Although the in-lab handout (see Supplement) may be submitted as
a summative assessment, we also required students to create a five-minute presentation on the life histories, limiting factors, threats, and
habitat requirements of their focal species, their habitat suitability analysis, and their proposal for which region(s) should be protected to
preserve their endangered species. Student pairs used the base layer as
a visual aid during the presentations, having marked with a dry-erase
marker the region(s) they proposed for protection. After student presentations, the instructor led a discussion to identify regions that could be
protected to preserve the greatest number of endangered species studied, explicitly prompting students to back up their claims with evidence
from the information they synthesized throughout the lab activity.
Our students were not familiar with non-electronic maps. Most students were able to overcome this challenge with individualized guidance. When teaching digital natives, Berk (2009) found that students
refer first to Internet searches for information. In an age of GPS-enabled phones, tablets, and digital mapping devices, students
may be confused by hardcopy maps.
Our students also struggled with determining if all the map layers
were relevant to their species, as not all map layers provided helpful
information for every species. For example, some species did not
require specific water flow rates, so the water flow map layer did not
provide relevant information. Some students assumed that if they
did not use information from all the map layers, then they were processing the material incorrectly. We suggest this challenge by mitigated
by discussing with students the authentic practice of conservation scientists and how they must continuously decide what information is
relevant to the particular problem they are attempting to solve.
No “Right” Answer
A few of our students were left unsatisfied, as there is no single correct
answer for conservation challenges. Students provided evidence-based reasoning for why they chose a particular region for protection,
but many possibilities would be good candidates, based on the data
they synthesized. Students are accustomed to there being a single correct answer, and the experience of thinking like a conservation scientist is an important component to the lesson. To devise a cohesive
plan of action and convincingly present it to their peers, we found that
this lesson requires students to think critically.
Role of Humans
In the in-lab handout, students are prompted to reflect on how
humans participate in aquatic ecosystems. Some students did not link
human activity with causes of impairment, and conversely, many students could not identify ways that health of aquatic ecosystems affects
humans. If more time can be dedicated to this lesson, it would be
worthwhile to examine impacts of pollution and degradation and
how knowledge of these effects allows conservation scientists to make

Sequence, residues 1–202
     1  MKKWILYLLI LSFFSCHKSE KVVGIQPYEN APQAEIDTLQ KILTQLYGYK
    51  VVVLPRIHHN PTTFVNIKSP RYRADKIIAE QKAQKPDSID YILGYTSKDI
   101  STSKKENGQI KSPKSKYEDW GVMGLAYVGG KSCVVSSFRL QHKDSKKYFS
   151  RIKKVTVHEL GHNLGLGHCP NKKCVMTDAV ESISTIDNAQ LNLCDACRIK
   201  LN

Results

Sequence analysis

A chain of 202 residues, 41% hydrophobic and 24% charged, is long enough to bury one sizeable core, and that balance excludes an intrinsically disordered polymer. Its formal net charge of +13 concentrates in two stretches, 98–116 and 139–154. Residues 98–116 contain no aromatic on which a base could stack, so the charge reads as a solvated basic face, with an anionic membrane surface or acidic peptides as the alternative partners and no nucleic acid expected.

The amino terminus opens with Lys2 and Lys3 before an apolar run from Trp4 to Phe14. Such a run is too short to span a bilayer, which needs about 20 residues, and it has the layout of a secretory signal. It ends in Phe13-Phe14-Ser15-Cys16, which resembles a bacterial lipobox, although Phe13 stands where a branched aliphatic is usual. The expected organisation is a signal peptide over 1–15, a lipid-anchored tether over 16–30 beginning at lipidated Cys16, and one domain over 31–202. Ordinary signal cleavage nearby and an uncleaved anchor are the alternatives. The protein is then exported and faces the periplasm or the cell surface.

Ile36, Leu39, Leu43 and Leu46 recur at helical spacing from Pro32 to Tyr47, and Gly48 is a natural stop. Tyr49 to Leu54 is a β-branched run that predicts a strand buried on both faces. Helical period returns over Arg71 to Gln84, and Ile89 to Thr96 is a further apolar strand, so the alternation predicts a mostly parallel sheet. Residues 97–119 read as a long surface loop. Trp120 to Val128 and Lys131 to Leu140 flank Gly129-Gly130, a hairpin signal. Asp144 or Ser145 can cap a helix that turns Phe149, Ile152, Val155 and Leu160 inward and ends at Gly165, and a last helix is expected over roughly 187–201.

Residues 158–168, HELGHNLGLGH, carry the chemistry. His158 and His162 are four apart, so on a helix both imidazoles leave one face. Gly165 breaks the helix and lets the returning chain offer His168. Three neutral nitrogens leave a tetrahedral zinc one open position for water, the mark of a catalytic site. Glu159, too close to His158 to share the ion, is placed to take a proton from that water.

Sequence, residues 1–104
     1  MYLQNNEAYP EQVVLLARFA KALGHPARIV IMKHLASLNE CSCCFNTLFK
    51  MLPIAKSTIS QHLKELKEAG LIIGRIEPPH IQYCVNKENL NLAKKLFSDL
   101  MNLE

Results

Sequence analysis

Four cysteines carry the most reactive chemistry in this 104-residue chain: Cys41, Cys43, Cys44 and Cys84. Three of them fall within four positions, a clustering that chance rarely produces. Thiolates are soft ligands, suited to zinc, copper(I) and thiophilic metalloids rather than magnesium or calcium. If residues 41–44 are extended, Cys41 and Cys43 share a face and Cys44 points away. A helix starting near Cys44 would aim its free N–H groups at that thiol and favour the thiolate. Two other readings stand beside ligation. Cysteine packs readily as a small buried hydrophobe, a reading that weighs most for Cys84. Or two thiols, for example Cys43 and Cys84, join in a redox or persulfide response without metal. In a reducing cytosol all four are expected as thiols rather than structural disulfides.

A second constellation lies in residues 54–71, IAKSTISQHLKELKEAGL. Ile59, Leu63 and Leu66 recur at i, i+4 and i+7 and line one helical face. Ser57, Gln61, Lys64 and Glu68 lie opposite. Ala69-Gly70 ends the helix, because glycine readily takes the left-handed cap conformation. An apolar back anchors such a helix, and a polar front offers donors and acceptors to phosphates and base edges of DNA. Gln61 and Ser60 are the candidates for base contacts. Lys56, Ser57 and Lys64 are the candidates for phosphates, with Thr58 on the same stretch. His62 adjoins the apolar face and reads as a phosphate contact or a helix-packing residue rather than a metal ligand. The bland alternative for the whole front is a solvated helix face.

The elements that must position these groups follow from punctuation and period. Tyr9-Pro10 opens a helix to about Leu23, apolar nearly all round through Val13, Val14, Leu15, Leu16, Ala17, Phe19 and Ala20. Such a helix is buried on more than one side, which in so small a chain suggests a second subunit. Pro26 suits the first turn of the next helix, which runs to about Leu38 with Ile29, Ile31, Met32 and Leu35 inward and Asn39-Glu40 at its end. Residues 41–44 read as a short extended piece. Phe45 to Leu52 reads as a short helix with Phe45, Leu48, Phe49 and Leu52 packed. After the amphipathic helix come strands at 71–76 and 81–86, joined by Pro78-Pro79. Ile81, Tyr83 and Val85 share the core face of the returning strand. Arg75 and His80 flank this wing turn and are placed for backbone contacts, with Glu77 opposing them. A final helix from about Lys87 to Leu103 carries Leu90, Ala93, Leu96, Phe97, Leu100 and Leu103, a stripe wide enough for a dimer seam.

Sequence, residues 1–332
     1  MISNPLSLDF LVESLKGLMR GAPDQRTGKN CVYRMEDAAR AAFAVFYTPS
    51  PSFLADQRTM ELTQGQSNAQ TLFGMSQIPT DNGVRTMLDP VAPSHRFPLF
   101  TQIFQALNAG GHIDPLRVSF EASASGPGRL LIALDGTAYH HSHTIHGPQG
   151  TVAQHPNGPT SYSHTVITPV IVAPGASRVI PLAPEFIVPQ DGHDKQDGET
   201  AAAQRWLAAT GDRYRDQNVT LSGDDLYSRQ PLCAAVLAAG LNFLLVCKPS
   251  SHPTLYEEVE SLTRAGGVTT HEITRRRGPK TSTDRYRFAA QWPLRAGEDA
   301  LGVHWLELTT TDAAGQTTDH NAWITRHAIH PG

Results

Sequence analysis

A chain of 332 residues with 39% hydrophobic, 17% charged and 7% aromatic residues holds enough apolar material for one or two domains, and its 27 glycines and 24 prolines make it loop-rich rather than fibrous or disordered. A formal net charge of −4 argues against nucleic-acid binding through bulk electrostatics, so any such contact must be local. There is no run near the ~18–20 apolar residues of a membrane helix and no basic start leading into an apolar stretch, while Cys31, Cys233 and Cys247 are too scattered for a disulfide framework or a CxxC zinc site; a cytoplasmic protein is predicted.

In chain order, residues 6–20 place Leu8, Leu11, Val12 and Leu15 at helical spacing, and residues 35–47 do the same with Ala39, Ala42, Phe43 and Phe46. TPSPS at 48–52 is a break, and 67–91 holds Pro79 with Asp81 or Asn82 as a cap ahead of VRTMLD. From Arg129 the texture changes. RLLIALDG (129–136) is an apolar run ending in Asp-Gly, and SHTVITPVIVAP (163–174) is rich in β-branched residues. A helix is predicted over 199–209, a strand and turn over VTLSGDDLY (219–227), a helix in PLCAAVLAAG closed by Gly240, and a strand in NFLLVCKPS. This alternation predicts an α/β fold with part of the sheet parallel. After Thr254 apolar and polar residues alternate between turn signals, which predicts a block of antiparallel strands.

management decisions. Furthermore, it would be worthwhile to discuss how threatened species may also serve as sentinels for human
The numerous maps, species facts, and activity questions were daunting when students first opened the map packet. Instructors should
discuss each map layer and what information is presented, explaining
why it was included in the activity. Water quality maps often utilize
many codes to designate waterbodies, which requires them to look
at a map and then refer to a numerical or abbreviated code to decipher
information. Instructors should provide guidance on how to properly
reference waterbodies and what type of information can be gathered
from the water quality data. Also, as mentioned before, the power of
this lesson lies in the instructor’s ability to build on students’
discussions as they synthesize the data. It is these discussions that allow
for conceptual development of ecological and evolutionary ideas.
Making sound conservation decisions requires evolutionary and ecological knowledge. Using place-based learning to explore ecological
and evolutionary aspects of endangered species management is a
novel approach to conservation education. It provides opportunities
to discuss human involvement in and dependence on aquatic ecosystems and to teach ecological and evolutionary concepts through
problem-solving. The Habitat Suitability Analysis lab necessitates
construction of sophisticated ecological and evolutionary concepts,
and demonstrates to students the value of conservation as an evidence-based subfield of biology.
We thank Aderinsola Odentude for teaching an early version of this
laboratory activity, and Drs. Angelo Capparella and May Jadallah for
their guidance in development of this laboratory investigation.
Finally, we thank the students who participated and provided feedback on this lesson.
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Berk, R. (2009). Teaching Strategies for the Next Generation. Transformative
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Brönmark, C., & Hansson, L-A. (1998). The Biology of Lakes and Ponds. New
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Duit, R., & Treagust, D. (2003). Conceptual change: A powerful framework
for improving teaching and learning. International Journal of Science
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Gruenewald, D. A. (2003). The best of both worlds: A critical pedagogy of
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IL DNR (Illinois Department of Natural Resources), Office of Water
Resources. (2014). IllinoisPublicWaters.Re trieved from https://www.
IL EPA (Illinois Environmental Protection Agency). (2014a). Integrated
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THE AMERICAN BIOLOGY TEACHER A LABORATORY ACTIVITY TO ENGAGE COLLEGE STUDENTS IN HABITAT SUITABILITY ANALYSIS